30. Pingback: Everybody wants Egypt | John Manders' Blog

  31. Pingback: Alexander whups the Persians | John Manders' Blog

  32. Pingback: Ptolemy I Soter | John Manders' Blog

  33. Pingback: Carpet bombshell | John Manders' Blog

  34. Pingback: The Battle of Actium! | John Manders' Blog

  35. Pingback: Bireme | John Manders' Blog

  36. Pingback: Merry Christmas! | John Manders' Blog

  37. Pingback: The new religion | John Manders' Blog

  38. Pingback: In hock Señor Wences | John Manders' Blog

  39. Pingback: It’s official! | John Manders' Blog

  40. Pingback: That old wheel of fortune | John Manders' Blog

  41. Pingback: Napoleon’s soldiers discover something big | John Manders' Blog

  42. Pingback: Cartouche is not something you get from a long automobile trip | John Manders' Blog

  43. Pingback: The hardest cryptogram evurrrr | John Manders' Blog

  44. Pingback: Phoenicians | John Manders' Blog

  45. Pingback: Copper and Tin | John Manders' Blog

  46. Pingback: A sea-change | John Manders' Blog

  47. Pingback: Twenty-two little letters | John Manders' Blog

  48. Pingback: Canaanite turquoise miners fool around during lunch break | John Manders' Blog

  49. Pingback: A win for the shmos | John Manders' Blog

  50. Pingback: Abjad | John Manders' Blog

  51. Pingback: The purple people | John Manders' Blog

  52. Pingback: Carthage | John Manders' Blog

  53. Pingback: How my sketches evolve | John Manders' Blog

  54. Pingback: Tfel-ot-thgir (right-to-left) | John Manders' Blog

  55. Pingback: The Hebrew alphabet | John Manders' Blog

  56. Pingback: Guest blogger: Ilene Winn-Lederer | John Manders' Blog

  57. Pingback: Things go sideways for Israel | John Manders' Blog

  58. Pingback: The Babylonian Captivity | John Manders' Blog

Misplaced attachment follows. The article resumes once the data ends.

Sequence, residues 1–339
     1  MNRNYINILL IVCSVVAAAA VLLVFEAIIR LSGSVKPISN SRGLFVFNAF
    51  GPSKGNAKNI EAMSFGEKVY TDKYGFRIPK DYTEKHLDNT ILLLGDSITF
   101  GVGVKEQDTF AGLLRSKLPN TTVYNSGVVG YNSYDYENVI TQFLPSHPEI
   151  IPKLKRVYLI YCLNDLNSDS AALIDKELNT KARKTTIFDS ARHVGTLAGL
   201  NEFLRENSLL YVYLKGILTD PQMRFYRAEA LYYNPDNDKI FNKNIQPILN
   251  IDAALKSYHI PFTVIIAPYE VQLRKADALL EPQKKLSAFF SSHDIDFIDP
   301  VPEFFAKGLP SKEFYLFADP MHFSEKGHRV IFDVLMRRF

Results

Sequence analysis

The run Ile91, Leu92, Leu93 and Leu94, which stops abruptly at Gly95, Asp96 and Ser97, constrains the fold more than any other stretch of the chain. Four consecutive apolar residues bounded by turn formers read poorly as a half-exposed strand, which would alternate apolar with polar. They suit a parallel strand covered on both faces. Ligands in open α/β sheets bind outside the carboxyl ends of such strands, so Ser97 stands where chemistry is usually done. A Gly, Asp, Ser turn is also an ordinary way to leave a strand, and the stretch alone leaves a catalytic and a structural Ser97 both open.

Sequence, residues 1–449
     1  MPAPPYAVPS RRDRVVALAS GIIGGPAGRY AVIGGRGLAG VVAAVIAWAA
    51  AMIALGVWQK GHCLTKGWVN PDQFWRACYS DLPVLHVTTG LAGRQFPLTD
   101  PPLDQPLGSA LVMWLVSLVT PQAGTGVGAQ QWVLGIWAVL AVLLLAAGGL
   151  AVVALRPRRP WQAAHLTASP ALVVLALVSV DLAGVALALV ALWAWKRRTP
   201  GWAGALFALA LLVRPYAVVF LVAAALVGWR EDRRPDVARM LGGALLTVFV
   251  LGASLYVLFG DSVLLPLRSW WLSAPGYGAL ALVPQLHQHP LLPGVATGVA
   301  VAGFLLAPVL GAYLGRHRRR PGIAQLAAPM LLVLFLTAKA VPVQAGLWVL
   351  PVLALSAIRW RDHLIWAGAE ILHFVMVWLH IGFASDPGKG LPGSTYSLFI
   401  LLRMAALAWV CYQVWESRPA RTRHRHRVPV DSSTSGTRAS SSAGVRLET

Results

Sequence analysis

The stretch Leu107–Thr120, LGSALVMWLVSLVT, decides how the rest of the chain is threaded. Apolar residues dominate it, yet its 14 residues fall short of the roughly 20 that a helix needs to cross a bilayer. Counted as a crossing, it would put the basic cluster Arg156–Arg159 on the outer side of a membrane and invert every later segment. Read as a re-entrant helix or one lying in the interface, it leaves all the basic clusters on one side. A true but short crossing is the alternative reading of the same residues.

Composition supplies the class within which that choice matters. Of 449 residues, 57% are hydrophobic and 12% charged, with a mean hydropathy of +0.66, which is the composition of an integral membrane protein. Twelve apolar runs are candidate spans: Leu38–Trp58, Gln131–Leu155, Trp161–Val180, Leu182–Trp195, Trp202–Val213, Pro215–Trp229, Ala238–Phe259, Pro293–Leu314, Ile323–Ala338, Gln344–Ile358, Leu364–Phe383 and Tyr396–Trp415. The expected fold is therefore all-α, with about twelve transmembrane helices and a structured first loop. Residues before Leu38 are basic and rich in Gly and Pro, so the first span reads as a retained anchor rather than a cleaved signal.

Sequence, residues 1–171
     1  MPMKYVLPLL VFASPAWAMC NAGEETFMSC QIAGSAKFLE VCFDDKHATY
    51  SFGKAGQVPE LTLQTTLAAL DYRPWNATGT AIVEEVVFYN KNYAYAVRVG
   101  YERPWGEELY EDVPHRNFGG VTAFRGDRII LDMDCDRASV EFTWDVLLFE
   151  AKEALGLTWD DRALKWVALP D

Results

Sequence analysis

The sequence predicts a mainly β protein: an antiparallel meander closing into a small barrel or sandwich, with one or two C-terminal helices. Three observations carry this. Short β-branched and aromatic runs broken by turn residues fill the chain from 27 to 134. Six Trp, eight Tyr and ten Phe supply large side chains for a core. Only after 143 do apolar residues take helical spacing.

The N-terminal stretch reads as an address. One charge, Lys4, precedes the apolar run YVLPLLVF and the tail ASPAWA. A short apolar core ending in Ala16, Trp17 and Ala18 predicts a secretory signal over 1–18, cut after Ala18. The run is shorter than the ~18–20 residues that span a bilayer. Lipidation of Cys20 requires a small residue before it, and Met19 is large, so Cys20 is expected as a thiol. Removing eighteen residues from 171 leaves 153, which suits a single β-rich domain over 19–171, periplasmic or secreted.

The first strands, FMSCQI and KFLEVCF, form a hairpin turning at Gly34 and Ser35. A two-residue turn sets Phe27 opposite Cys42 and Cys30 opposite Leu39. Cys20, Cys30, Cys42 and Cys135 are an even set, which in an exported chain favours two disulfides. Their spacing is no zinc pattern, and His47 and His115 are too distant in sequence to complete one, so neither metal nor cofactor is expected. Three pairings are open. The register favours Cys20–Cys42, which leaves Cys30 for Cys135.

59. Pingback: The alefbet | John Manders' Blog

  60. Pingback: Those really ancient Greeks | John Manders' Blog

  61. Pingback: I ax a question | John Manders' Blog

  62. Pingback: Whatever happened to Linear A? | John Manders' Blog

  63. Pingback: Linear B | John Manders' Blog

  64. Pingback: Homer busts a dactyl | John Manders' Blog

  65. Pingback: Vowels | John Manders' Blog

  66. Pingback: Homer starts the Vowel Movement | John Manders' Blog

  67. Pingback: Boustrophedon: as the ox plows | John Manders' Blog

  68. Pingback: Alpha to Omega | John Manders' Blog

  69. Pingback: We need a gag writer! | John Manders' Blog

  70. Pingback: Greece’s savage conqueror | John Manders' Blog

  71. Pingback: Calligraphy | John Manders' Blog

  72. Pingback: Writ large | John Manders' Blog

  73. Pingback: Serifs | John Manders' Blog

  74. Pingback: We have a winner! | John Manders' Blog

  75. Pingback: Parchment | John Manders' Blog

  76. Pingback: Making parchment | John Manders' Blog

  77. Pingback: All creatures | John Manders' Blog

  78. Pingback: Les roules | John Manders' Blog

  79. Pingback: Scrolls are still around | John Manders' Blog

  80. Pingback: Maybe that’s why medias res got moved to the front | John Manders' Blog